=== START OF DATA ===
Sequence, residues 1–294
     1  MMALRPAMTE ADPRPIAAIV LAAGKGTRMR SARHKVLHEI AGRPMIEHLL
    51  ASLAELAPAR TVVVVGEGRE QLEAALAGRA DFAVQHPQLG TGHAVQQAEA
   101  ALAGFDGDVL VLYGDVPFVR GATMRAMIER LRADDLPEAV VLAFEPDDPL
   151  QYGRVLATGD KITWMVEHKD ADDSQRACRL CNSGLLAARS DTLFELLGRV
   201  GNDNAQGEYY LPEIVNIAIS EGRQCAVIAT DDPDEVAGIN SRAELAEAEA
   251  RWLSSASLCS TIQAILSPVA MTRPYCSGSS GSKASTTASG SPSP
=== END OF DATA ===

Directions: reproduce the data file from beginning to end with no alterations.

Sequence, residues 1–294
     1  MMALRPAMTE ADPRPIAAIV LAAGKGTRMR SARHKVLHEI AGRPMIEHLL
    51  ASLAELAPAR TVVVVGEGRE QLEAALAGRA DFAVQHPQLG TGHAVQQAEA
   101  ALAGFDGDVL VLYGDVPFVR GATMRAMIER LRADDLPEAV VLAFEPDDPL
   151  QYGRVLATGD KITWMVEHKD ADDSQRACRL CNSGLLAARS DTLFELLGRV
   201  GNDNAQGEYY LPEIVNIAIS EGRQCAVIAT DDPDEVAGIN SRAELAEAEA
   251  RWLSSASLCS TIQAILSPVA MTRPYCSGSS GSKASTTASG SPSP